Welcome to Shelf Care, where I review three books related by a theme. These aren’t necessarily the latest releases, but are hopefully books you can’t believe you missed.

This column’s theme: “Well, that’s new.”

So many themes have been played out and done to death, so it’s something of a rarity to find an original idea, or a fresh take on an old one, but it’s clearly not impossible. For example:

If you like:


Time loops (as seen in the movie Groundhog day)

You might like:

The First Fifteen Lives Of Harry August, by Claire North.

Harry August is an immortal, but the twist is that he relives his life from the beginning of the 20th century over and over again, aging and dying, taking the experiences of one lifetime into the start of the next.  The exploration of knowing what’s coming next, and knowing he can’t die for real gets fleshed out when Harry discovers he’s the only one in a position to solve a very pressing problem.

Sample passage

She smiled, and understood my meaning without needing it to be said. She leaned in close and murmured in my ear, “The world is ending, as it always must. But the end of the world is getting faster.”

That was the beginning of the end.


The concept really carries the book, and the world Harry lives in is very well thought out, as his lifestyle has some unexpected but totally reasonable consequences. I found middle of the book a bit slow, and maybe it’s conclusion wasn’t perfect, but Claire North’s execution of the questions raised by the premise made for an entertaining ride.

Or if you like:

 Alternate realities.

Nuclear war
Rampant AI

You might like:

The Last Man On Earth Club, by Paul R Hardy

From the title it seems it’d be a pretty small gathering, but it’s a self-help group for six sole survivors rescued from an assortment of apocalypses on alternate earths. And while nuclear war, zombies, and robot overlords have been covered elsewhere, rarely does the story start when everything has been lost. As their therapist digs into the past of each survivor, she discovers that they’re facing a problem very much in the present.

Sample passage:

Nor had the forest ever been stripped of leaves and branches by rain so acidic it could mark steel. It had not known the blast, the light, the heat, or the radiation from a nuclear fireball. Survivors of a terrible war had never fled through the trees, pursued by robotic hunters. Gene-mutated horrors had never oozed across the leaf litter, digesting all the biomass they could absorb. Invaders from a distant universe had never swept down from the skies, darting tentacles among the branches to drag the last remaining people to slavery on another world.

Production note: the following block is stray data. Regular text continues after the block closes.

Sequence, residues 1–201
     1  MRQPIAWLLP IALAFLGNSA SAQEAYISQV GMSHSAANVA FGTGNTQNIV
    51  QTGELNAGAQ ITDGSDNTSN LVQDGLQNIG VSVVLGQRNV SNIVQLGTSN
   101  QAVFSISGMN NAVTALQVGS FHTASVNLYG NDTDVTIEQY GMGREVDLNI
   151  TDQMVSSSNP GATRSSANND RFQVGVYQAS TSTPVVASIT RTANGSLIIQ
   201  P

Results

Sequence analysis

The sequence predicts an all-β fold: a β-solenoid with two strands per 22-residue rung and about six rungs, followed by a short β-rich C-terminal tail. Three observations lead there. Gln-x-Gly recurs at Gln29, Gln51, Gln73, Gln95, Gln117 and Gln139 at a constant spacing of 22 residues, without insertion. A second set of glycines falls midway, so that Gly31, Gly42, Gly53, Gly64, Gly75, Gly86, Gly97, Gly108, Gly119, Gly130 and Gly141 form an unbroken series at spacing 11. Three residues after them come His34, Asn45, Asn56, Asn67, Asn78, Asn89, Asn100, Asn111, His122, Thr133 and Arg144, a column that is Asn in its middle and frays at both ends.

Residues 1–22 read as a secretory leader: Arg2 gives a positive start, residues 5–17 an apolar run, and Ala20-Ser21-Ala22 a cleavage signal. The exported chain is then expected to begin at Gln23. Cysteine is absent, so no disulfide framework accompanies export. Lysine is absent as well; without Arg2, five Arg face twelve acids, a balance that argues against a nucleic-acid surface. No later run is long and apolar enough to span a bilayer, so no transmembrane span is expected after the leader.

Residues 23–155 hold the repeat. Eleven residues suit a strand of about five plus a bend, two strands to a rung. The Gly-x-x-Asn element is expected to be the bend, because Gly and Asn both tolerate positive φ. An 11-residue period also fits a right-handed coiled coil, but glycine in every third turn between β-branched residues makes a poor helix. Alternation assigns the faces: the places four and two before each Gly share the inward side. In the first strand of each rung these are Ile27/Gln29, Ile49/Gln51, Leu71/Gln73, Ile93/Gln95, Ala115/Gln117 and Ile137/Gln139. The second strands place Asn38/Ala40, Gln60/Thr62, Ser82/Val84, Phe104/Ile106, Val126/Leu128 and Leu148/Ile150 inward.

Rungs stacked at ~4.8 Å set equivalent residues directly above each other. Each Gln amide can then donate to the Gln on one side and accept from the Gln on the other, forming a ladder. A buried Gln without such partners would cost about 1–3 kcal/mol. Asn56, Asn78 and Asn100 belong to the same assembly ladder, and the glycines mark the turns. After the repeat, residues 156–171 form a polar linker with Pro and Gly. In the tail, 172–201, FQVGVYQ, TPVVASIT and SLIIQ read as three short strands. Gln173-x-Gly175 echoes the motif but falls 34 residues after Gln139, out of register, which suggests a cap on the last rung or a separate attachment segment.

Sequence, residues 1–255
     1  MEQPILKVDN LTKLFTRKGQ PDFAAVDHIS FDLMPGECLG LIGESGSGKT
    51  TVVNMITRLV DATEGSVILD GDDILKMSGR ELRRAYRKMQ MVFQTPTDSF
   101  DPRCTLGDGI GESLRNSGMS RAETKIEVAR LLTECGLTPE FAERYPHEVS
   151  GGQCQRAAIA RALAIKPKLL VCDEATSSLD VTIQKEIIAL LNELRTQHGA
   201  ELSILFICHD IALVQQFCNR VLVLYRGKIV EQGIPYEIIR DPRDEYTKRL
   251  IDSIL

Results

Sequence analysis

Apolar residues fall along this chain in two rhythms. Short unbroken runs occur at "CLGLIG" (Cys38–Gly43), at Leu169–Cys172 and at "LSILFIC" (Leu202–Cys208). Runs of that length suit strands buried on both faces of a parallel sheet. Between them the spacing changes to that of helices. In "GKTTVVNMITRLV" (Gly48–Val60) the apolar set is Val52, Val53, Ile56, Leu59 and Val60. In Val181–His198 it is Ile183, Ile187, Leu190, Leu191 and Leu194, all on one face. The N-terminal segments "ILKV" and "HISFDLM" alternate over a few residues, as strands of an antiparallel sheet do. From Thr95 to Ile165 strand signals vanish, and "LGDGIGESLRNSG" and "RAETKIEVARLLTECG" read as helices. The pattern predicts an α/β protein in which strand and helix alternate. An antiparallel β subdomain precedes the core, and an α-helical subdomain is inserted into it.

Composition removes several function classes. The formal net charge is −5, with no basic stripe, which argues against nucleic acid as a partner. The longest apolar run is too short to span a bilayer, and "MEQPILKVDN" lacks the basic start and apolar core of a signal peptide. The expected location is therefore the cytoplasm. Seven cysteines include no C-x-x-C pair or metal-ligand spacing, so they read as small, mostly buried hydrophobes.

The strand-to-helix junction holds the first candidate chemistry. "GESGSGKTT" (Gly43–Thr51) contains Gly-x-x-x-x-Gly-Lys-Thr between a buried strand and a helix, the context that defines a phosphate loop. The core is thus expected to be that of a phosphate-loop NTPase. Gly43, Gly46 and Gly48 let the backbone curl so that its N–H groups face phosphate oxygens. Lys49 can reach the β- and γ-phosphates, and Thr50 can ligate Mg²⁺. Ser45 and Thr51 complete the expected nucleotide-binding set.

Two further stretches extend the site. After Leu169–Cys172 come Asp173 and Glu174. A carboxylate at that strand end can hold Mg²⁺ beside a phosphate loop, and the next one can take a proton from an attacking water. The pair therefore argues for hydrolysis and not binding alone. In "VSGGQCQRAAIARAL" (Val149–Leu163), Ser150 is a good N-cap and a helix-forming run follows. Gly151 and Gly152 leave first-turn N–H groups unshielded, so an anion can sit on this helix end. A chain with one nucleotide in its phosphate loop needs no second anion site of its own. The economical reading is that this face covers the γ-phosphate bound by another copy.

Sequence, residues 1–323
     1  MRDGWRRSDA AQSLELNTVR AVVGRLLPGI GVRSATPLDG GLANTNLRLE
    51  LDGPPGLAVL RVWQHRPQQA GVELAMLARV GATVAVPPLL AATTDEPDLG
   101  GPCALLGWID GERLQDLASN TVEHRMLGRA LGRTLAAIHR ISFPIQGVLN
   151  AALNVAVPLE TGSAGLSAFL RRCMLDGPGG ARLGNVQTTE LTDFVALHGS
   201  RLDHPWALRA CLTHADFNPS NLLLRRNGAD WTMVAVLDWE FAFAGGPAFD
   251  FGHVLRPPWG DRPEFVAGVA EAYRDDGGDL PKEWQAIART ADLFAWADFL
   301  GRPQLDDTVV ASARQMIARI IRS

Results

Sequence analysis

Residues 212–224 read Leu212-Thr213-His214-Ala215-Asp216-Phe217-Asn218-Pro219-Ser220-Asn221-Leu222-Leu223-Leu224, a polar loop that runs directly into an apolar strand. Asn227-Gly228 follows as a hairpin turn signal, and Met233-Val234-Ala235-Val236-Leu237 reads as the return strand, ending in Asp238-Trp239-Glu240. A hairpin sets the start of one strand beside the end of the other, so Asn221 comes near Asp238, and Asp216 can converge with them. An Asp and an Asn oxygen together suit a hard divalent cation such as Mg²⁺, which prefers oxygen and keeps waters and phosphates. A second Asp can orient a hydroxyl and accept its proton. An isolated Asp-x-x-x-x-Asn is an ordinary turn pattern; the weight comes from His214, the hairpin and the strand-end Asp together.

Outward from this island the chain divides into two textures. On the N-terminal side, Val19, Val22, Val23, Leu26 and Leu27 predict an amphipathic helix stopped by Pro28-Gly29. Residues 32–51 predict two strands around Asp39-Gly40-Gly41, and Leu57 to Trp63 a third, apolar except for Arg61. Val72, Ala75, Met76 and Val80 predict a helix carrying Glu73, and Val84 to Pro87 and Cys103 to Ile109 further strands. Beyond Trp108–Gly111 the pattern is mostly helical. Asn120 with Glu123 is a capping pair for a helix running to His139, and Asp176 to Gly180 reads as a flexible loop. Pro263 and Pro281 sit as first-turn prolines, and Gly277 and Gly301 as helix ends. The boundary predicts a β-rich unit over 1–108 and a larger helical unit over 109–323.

Convincing my patients of this was sometimes difficult. Many had lived through similar horrors before they were evacuated to the safety and security of Hub. Even though they knew they were on another world, it still took time for them to accept that they’d escaped their apocalypse; but the peaceful setting eventually proved beneficial to even the most traumatized survivors.


While this does have the feel of a first novel because the writing was maybe a bit over-expository at times, it’s a well-structured story with thoroughly thought-out  concepts. A definite recommend.

Or if you like:

The Ikea catalog
Haunted houses

You might like:

Horrorstor, by Grady Hendrix

After reading this book about a haunted Scandinavian furniture store, you’ll never look at an Ikea the same way again.  The plot slowly builds with some subtle social commentary as just-there-for-the-paycheck Amy has to deal with workday frustrations and overeager managers, and ends up discovering there’s a whole lot more going on at the store after hours.

Sample quote:
She’d bought the coffee cup at the Speedway three weeks ago because it promised unlimited free refills and Amy needed to stretch her $1.49 as far as it would go. This was as far as it went. As she stared in dismay at the mass of partners, the bottom of her cup finally gave up and let go, dumping coffee all over her sneakers. Amy didn’t even notice. She knew that a crowd meant a problem, and a problem meant a manager, and this early in the day a manager meant Basil. She could not let Basil see her. Today she had to be Basil Invisible.


This was a great read, start to finish, with believable characters making believable decisions in uncomfortable circumstances.  Prefacing every chapter with an item out of the store’s catalog added a nice bit of foreshadowing as well.  Rumor has it that it was being optioned as a TV series, and while I can’t see the material being stretched that far, the book’s straightforward narrative would make a great movie.

So, what other books should have been on this list? Leave your thoughts in the comments, and stay tuned for my next column, where the theme will be: The Men Who Could Be King.



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